Weathering is defined as a process of decay, disintegration and decomposition of rocks under the influence of certain physical and chemical agencies.


It may be defined as the process of breaking up of rocks into small pieces by the mechanical agencies of physical agents.


It may be defined as the process of breaking up of mineral constituents to form new components by the chemical actions of the physical agents.


It is a general term used when the surface of the earth is worn away by the chemical as well as mechanical actions of physical agents and the lower layers are exposed.

The process of weathering depends upon the following three factors:

i)      Nature of rocks

ii)     Length of time

iii) Climate

Two Chief types of weathering are commonly distinguished on the basis of type of agency involved in the process and nature of the end product. They are:

i)       Physical  or  mechanical weathering

 ii)     Chemical weathering

Physical weathering:

It is the physical breakdown of rock masses under the attack of certain atmospheric agents. A single rock block is broken gradually into smaller irregular fragments and then into particles of still smaller dimensions. It is the most active in cold, dry and higher areas of the earth surface Temperature variations are responsible to a great extent of physical weathering.

Thermal effects:

The effect of change of temperature on rocks is of considerable importance in arid and semi arid regions where difference between daytime and nighttime temperature is often very high. Such temperature fluctuations produce physical disintegration in a normally expected manner. Expansion on heating followed by contraction on cooling. When the rock mass is layered and good thickness additional disturbing stresses may be developed into by unequal expansion and contraction from surface to the lower regions. The rock sometimes is found to break off into concentric shells. This process is known as exfoliation.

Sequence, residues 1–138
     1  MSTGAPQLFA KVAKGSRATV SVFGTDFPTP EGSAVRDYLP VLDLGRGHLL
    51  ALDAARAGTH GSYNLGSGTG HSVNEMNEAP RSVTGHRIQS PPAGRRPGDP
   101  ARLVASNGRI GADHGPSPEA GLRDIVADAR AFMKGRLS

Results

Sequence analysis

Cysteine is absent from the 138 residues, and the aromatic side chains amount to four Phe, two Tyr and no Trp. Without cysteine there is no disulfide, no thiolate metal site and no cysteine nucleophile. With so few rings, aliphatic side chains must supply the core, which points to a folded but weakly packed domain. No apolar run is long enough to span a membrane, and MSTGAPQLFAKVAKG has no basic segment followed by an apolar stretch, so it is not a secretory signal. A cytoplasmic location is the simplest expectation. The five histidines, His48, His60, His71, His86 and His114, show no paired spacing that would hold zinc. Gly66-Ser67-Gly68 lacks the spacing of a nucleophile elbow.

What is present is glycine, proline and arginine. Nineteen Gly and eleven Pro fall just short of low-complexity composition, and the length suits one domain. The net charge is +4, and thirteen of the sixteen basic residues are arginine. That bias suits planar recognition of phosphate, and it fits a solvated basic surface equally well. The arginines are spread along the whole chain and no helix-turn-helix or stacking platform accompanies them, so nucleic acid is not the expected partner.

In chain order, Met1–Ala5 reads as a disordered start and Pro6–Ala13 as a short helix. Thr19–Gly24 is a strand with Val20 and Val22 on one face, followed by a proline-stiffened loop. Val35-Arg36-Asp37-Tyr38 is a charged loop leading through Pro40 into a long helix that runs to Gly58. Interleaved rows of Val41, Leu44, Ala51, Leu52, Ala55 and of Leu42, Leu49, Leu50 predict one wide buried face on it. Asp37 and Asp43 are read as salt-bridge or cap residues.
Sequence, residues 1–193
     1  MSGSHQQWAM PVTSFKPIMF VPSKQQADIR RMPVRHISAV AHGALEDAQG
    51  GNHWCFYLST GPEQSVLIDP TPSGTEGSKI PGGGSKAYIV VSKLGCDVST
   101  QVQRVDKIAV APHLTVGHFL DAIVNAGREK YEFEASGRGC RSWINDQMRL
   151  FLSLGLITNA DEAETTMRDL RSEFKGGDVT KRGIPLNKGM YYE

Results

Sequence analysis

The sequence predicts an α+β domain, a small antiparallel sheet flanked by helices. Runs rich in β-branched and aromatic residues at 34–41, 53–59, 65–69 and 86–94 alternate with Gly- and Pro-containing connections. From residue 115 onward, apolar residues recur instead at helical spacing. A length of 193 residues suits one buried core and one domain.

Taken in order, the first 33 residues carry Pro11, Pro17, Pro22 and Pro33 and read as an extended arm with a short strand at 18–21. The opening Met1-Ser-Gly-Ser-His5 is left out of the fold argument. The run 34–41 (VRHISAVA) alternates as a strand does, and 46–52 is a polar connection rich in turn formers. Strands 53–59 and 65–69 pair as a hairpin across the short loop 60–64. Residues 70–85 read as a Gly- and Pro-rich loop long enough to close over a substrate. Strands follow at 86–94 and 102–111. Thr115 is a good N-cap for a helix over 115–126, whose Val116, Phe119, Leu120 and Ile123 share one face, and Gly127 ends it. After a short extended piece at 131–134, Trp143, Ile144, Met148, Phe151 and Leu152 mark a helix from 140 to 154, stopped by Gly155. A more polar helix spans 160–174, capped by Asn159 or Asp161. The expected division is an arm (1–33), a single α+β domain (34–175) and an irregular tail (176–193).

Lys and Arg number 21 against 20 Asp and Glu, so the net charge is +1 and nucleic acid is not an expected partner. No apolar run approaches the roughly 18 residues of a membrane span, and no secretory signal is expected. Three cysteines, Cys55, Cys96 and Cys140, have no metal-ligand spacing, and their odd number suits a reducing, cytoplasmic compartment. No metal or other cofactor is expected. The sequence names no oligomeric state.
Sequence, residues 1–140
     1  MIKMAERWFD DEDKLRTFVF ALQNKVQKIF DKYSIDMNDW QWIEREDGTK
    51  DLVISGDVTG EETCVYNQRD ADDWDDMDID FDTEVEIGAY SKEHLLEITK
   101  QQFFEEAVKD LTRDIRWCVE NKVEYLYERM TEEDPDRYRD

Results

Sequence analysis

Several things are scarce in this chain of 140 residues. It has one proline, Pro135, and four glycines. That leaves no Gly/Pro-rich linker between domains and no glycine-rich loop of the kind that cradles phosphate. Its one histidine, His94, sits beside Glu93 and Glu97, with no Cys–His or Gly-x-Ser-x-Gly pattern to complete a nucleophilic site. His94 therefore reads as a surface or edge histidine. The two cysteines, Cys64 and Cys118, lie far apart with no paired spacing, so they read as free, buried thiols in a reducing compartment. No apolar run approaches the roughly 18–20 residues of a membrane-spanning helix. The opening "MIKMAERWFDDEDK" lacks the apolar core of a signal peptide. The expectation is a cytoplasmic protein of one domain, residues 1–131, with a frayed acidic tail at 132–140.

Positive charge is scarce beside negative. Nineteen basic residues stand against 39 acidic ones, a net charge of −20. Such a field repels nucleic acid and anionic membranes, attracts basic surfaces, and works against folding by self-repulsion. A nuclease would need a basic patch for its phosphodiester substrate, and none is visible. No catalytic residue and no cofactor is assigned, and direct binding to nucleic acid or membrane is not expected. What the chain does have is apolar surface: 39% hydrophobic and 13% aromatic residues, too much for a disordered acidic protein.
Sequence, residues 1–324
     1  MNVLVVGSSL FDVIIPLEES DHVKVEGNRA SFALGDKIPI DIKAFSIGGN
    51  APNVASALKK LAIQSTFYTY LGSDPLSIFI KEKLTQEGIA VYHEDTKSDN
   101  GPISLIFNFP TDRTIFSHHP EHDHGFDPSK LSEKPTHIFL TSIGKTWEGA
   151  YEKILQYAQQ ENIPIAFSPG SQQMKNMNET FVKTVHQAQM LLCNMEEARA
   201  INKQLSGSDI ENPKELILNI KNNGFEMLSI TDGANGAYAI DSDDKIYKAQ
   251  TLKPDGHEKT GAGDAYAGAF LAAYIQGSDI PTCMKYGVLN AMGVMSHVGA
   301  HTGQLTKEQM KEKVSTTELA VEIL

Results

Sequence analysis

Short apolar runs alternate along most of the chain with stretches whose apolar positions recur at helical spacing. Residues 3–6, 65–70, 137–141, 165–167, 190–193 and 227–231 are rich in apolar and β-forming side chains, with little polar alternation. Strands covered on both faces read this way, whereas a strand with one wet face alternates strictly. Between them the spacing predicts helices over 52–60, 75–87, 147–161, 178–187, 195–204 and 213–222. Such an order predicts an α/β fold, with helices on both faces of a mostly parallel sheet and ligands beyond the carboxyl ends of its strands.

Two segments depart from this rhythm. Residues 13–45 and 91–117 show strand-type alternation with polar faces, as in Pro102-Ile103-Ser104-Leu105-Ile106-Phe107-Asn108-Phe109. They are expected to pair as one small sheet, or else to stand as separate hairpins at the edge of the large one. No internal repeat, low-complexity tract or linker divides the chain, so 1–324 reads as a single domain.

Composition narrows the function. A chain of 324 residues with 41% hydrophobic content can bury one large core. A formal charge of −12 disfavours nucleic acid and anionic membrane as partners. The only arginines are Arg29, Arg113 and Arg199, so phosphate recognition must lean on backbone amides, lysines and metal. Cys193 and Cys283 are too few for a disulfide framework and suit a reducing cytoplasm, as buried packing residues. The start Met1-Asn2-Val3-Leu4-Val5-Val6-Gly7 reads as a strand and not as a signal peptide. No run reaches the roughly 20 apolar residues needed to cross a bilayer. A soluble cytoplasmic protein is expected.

When weathering occurs part of the disintegrated rock material is carried away by running water or any other transporting agent. Some of them are left on the surface of the bedrock as residual boulders. It is often seen that boulders have an onion like structure. This kind of weathering is called spheroidal weathering.

Chemical weathering:

The chemical decomposition of the rock is called chemical weathering which is nothing but chemical reaction between gases of the atmosphere and minerals of the rocks. The chemical changes invariably take place in the presence of water generally rainwater -in which are dissolved many active gases from the atmosphere like C02, nitrogen, Hydrogen etc.These conditions are defined primarily by chemical composition of the rocks humidity and the environmental surrounding the rock under attack.